Foreword Reviews

Made in Africa, Made it in America

Clarion Rating: 2 out of 5

George Acquaah’s biography of his wife, Theresa Acquaah, is emphatic and sentimental in honoring its subject as a strong, confident, and remarkable woman.

George Acquaah’s biography Made in Africa, Made it in America is about Theresa Acquaah, his wife; it functions as an ode to her perseverance, dedication to her family, and hard work.

The book begins in Ghana, when its subject, then a young woman, married her biographer. The young couple moved to America for his work. There, they navigated culture shock while figuring out how to build a life together. Everyday differences like garage sales, coupons, and fast food restaurants combined with massive changes, like a new education system that the couple learned to work within.

Because the couple had only seen the United States portrayed on television as a land of plenty, they had difficulty reconciling themselves to the suffering that they saw many Americans face, including problems like hunger, poverty, and racism. Further, they faced some of these challenges themselves. And while working to understand their new home, they both began to build demanding careers and a family.

The book celebrates its subject for raising the couple’s four children while navigating her own medical challenges and sacrificing her needs to do what was best for the family. As it honors and celebrates her, though, it leans into long, flowing passages. Instead of relying on action or fleshed-out scenes, it is an emotional, opinionated rendering of her experiences. It becomes repetitive in its delivery of constant praise; Acquaah is called the “Wonder Woman” of her husband and children’s lives, and the book boasts that she earned her doctorate of medicine at the age of forty-four.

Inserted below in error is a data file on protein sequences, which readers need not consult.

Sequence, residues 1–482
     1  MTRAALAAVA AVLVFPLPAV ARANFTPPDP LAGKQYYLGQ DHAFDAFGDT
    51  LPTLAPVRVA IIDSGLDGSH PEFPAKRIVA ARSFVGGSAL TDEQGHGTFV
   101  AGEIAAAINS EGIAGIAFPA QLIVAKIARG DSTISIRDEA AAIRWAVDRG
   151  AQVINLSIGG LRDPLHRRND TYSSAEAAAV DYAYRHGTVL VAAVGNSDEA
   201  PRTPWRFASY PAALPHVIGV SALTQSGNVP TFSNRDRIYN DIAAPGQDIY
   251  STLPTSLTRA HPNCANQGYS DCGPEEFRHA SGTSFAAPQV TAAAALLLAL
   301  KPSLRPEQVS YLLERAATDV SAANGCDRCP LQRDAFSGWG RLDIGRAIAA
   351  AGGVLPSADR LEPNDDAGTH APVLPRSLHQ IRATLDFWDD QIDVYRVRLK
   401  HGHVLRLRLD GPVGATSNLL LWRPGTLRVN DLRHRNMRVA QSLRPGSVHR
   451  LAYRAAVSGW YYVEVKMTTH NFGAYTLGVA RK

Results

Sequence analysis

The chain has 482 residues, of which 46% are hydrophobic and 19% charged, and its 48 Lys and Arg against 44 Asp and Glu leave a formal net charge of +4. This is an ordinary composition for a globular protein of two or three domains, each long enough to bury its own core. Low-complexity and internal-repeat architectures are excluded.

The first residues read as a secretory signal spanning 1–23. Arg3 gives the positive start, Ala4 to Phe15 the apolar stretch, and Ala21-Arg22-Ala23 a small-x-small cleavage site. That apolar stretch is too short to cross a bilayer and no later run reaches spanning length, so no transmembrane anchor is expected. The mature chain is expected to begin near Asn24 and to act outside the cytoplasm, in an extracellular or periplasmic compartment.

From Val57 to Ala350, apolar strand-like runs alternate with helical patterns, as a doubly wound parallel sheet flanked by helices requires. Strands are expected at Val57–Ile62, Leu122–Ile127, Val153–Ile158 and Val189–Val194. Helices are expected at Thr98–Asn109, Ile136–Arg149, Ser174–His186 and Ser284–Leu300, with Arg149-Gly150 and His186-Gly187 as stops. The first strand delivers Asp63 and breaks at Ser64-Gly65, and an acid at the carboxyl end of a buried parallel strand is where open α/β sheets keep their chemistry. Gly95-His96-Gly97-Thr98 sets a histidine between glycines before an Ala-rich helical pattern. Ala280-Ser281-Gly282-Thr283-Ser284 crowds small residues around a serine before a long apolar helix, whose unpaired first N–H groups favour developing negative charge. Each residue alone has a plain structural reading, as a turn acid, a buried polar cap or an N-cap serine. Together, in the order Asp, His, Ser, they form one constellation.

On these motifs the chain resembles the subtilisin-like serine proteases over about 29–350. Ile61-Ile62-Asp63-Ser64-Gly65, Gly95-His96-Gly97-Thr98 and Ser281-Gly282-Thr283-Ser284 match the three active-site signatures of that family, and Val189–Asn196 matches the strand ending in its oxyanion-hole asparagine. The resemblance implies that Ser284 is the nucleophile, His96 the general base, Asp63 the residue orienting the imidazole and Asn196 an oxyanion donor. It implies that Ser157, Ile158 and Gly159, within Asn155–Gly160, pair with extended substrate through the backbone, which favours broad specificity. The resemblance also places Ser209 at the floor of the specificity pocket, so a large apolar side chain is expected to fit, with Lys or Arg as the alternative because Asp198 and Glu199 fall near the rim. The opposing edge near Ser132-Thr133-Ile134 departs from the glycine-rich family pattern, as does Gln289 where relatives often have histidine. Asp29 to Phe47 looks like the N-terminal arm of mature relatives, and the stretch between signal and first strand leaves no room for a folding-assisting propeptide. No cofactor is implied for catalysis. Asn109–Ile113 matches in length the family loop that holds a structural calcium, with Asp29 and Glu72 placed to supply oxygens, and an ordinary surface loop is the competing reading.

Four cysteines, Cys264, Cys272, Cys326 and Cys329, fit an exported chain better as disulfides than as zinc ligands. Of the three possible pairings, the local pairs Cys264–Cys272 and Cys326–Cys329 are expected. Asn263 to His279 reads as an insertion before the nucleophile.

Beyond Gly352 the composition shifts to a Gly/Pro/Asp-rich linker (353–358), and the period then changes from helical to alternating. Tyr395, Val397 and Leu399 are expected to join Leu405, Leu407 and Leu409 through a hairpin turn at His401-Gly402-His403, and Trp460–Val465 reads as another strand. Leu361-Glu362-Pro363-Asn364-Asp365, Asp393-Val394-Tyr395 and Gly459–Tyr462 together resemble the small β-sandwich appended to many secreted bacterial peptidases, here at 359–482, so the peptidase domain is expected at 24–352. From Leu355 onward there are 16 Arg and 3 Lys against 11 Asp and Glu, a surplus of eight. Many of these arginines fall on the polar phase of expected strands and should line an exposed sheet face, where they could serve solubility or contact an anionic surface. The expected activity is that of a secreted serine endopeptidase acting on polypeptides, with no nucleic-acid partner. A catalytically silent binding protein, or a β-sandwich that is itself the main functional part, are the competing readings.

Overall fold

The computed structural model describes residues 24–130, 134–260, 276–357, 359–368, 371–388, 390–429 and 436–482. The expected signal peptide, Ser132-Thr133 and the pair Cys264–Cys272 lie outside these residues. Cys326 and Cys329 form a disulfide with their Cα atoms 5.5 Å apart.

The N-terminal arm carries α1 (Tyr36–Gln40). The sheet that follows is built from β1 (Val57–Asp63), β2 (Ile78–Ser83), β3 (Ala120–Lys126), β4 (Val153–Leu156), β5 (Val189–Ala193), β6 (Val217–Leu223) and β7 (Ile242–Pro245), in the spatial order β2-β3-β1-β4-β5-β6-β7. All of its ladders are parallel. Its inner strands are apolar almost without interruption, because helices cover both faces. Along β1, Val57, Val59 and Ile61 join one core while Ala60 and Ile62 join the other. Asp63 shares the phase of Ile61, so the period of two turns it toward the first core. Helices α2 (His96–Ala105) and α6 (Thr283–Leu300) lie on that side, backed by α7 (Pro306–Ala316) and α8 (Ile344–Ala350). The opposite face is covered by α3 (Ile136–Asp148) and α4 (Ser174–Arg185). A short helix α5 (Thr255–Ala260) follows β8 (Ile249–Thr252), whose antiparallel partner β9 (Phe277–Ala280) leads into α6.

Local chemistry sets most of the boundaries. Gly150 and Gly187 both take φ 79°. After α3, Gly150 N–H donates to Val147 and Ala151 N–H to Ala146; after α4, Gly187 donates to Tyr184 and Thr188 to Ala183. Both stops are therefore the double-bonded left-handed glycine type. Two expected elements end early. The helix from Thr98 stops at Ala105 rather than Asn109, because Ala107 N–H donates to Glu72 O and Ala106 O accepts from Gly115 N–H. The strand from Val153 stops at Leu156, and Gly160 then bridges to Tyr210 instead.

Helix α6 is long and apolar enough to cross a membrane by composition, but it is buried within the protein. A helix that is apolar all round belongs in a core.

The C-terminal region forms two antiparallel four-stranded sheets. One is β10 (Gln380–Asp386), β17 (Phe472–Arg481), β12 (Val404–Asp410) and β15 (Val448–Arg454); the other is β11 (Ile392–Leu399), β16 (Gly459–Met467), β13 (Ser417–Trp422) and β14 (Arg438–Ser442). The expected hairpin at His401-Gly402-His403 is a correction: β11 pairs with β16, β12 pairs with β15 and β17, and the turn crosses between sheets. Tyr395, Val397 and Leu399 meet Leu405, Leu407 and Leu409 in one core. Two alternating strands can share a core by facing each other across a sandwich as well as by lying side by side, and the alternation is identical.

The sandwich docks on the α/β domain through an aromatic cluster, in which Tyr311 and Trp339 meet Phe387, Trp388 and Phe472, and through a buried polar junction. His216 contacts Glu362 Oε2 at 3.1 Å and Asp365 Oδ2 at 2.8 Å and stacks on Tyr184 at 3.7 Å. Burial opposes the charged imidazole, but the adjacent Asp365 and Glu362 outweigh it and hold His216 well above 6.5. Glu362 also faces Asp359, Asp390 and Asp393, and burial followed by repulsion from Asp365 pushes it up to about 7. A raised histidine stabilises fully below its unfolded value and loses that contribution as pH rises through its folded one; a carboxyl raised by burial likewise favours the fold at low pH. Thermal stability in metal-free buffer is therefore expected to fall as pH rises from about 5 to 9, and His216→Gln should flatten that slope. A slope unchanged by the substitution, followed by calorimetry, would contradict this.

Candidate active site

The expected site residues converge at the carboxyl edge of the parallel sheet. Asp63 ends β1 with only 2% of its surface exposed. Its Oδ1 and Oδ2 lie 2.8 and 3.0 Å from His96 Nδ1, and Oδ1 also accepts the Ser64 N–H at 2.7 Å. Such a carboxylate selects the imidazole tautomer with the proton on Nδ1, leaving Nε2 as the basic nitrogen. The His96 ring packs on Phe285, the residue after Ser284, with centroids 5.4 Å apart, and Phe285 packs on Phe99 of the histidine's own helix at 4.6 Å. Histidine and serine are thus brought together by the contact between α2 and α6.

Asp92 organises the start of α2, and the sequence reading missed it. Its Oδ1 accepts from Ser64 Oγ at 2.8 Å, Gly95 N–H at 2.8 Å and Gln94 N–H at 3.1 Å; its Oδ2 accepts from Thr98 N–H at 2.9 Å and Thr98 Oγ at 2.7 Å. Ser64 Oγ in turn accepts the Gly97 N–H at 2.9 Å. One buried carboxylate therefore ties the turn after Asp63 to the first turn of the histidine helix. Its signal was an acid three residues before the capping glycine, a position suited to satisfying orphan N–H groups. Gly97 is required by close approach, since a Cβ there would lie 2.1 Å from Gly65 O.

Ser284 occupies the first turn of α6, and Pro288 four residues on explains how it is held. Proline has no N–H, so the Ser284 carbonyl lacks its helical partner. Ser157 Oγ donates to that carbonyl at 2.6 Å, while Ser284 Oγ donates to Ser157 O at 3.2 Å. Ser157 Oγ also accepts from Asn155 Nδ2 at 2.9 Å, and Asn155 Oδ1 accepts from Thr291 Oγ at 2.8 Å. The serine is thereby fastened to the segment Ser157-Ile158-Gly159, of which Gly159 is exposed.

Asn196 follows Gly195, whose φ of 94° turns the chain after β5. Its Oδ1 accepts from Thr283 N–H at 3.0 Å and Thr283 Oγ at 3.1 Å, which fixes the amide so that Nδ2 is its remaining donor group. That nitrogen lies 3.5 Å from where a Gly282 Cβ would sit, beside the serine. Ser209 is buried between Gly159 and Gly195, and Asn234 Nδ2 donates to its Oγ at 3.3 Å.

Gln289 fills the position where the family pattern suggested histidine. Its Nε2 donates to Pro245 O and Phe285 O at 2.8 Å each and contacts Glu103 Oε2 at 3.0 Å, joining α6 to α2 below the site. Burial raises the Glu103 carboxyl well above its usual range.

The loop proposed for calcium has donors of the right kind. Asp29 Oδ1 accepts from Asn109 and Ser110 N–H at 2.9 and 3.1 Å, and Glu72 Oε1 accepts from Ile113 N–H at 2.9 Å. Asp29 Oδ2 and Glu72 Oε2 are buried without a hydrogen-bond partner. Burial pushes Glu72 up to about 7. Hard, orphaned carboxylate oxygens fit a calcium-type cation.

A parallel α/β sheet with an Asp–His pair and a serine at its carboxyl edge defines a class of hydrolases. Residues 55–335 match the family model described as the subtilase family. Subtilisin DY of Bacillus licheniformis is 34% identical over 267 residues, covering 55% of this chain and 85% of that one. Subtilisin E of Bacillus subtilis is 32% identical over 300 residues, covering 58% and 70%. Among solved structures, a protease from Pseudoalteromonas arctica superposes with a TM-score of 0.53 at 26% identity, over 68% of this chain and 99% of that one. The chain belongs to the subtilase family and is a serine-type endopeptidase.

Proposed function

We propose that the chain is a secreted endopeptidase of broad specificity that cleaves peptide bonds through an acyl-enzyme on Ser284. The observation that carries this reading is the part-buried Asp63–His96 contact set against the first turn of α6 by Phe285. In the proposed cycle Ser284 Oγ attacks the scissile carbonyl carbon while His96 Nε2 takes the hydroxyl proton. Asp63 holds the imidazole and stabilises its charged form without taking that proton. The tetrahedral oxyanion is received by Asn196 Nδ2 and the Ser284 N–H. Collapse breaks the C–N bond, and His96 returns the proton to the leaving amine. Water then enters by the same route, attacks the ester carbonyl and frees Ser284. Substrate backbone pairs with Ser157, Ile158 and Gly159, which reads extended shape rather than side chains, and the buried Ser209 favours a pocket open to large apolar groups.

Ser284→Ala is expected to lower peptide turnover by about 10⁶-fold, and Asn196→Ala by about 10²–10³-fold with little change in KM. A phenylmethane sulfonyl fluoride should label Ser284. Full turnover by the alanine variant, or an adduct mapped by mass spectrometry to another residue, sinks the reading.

Following a formula and in matter-of-fact prose, the book is chronological in naming the challenges that Acquaah experienced, and in following these events with sometimes indulgent expressions of awe for what she endured and how she handled herself through challenges. Further, in some moments, especially where the book muses on marriage as an institution and the role of women in society, the text is dated. While it is wholehearted about expressing support for Theresa Acquaah’s own career, contradictions arise: the text embraces gender-based stereotypes, casting women as the default keepers of a home, and calling men who become homemakers “Mr. Mom.”

George Acquaah’s biography of his wife, Theresa Acquaah, is emphatic and sentimental in honoring its subject as a strong, confident, and remarkable woman who never stopped following her dreams.

Reviewed by Molly Sprayregen

Disclosure: This article is not an endorsement, but a review. The publisher of this book provided free copies of the book and paid a small fee to have their book reviewed by a professional reviewer. Foreword Reviews and Clarion Reviews make no guarantee that the publisher will receive a positive review. Foreword Magazine, Inc. is disclosing this in accordance with the Federal Trade Commission’s 16 CFR, Part 255.

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